with a blowout sort of guy with a gorgeous bod.
They’ll make links with other blogs and party with their friends
for a couple hundred years before they meet their ends.
She thinks back on the interbrain to look for thoughts and links.
Lets her mind go soft as into cybermind she sinks.
Looking for her future job. She knows it’s there to see.
Time being just a concept to wander through for free.
She plops onto a webpage from two thousand fifteen,
all the information still there and easily seen.
The line Zee thought jumps out at her. She sees it’s not her own.
It’s been used two times before and now it seems it’s flown
into her thoughts to sort her out and give her a direction.
As she reads on, she catches on to this writer’s inflection
in every word she writes and when she gets to the post’s end,
she goes on reading through her life and starts to make a friend.
After two days of reading, she winds up at the start
knowing every detail in this blogger’s heart.
Then she goes back to where she started and sees her doubts and fears.
It’s then that she fast-forwards to the blogger’s final years
and sees the truth of everything that’s going to transpire.
The failing health, the hopeful mood, the ad, “Wanted to Hire
an interesting friend to talk to while I fall asleep.
One capable of caring and thoughts that wander deep.
Someone to be there some nights when it seems that I might leave
for one last time this life that’s loosening its warp and weave.
No heavy lifting needed—a weighted thought or two
is all that I find necessary. Weighing thoughts will do.”

Zee zoomed back to the entry that had drawn her thoughts at first.
The very sentence that had caused her gloomy thoughts to burst.
January was the month and 14 was the day
The year 2015, when she’d been the first to say
those fateful words and now Zee, too, was thinking just the same–
moving to the comments to add her words and name.
“Dear Lifelessons,” she’d say to her, and then add her assurance
that everafter she would be her safety and insurance
that she would never die alone or be bereft of friend
for Zee was vowing here and now she’d be there at the end.
She’d looked ahead and so she knew that she would keep this pledge.
She’d known the center of this life and now she knew its edge.
She knew the dates that she’d be needed in the years ahead.
She made a list and filed it in a clear spot in her head.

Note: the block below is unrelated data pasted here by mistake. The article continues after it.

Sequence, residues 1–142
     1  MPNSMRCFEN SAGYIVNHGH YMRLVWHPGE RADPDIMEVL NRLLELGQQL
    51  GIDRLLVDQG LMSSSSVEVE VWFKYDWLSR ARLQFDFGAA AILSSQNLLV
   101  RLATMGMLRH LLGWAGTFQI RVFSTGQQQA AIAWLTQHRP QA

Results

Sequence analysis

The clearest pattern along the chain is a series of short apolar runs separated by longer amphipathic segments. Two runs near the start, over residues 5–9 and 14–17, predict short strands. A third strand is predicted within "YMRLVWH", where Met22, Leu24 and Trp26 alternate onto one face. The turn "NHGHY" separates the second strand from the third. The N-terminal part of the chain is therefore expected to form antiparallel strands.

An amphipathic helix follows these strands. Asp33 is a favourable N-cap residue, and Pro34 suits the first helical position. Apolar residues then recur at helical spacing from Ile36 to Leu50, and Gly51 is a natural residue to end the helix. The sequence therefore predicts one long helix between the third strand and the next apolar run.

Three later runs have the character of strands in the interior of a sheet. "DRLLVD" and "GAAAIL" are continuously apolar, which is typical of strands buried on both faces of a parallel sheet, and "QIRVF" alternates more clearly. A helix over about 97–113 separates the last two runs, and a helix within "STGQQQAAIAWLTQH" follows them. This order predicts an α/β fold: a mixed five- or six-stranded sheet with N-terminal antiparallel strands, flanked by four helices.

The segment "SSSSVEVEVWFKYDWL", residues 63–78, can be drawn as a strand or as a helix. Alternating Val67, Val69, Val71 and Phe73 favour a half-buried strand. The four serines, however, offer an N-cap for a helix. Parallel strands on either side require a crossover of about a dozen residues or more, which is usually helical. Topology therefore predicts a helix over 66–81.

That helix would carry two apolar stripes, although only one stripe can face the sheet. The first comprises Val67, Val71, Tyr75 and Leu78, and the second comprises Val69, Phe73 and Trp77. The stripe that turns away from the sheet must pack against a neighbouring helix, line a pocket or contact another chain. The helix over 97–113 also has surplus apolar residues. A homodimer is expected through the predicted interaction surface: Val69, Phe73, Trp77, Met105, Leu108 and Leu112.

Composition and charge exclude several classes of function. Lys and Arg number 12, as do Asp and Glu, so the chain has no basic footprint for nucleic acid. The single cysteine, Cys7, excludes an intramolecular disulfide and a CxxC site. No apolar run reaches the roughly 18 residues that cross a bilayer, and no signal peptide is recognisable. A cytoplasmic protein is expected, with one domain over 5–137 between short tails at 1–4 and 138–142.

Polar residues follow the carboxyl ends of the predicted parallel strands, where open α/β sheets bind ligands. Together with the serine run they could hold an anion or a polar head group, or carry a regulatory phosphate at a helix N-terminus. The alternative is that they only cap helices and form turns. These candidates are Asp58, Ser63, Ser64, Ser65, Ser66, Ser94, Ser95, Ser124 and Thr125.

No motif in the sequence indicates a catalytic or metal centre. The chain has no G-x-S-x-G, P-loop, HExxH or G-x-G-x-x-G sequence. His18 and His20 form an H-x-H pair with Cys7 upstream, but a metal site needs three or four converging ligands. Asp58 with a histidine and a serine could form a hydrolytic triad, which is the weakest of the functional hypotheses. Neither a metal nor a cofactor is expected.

And then she went on thinking what those words meant in her life.
Would she be a scholar, an actress and a wife?
Would she produce children and would they be there for her?
That sentence found in cyberspace created quite a stir.
But all her dreams it prompted came true enough, what’s more
she kept her date with Lifelessons in 2044.

                                                                            –Judy Dykstra-Brown, Lifelessons, 2015

 

A question posed by one writer can often serve to provoke an answer by another. So it is in this poem, which is an answer to a question asked by Joan Barfoot in her book Luck. This piece was first written three years ago. It is a long piece I had forgotten but enjoyed reading again so I thought perhaps you would, too. I would appreciate knowing if you follow the plot line and realize what is going on. Also, did it hold your interest?  And yes, the prompt word of the day is in the poem. The word of the day is provoke.

Morning Ritual

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Morning Ritual

One pill, two pills, three pills four.
Five and six complete the score.
Then one rolls off onto the floor,
but knees are stiff and back is sore,
reclaiming it a painful chore,
so you just open up the drawer
and select one capsule more.
Swallowing pills is such a bore.
Can you remember what each is for?

 

Gingeritis

 

Gingeritis

I find that my life is rapidly slowing.
I’m gingerly coming and gingerly going,
for if I move quickly in shower or mall
I slip and I stumble. I bump and I fall.

I eat gingerbread cookies and drink ginger ale.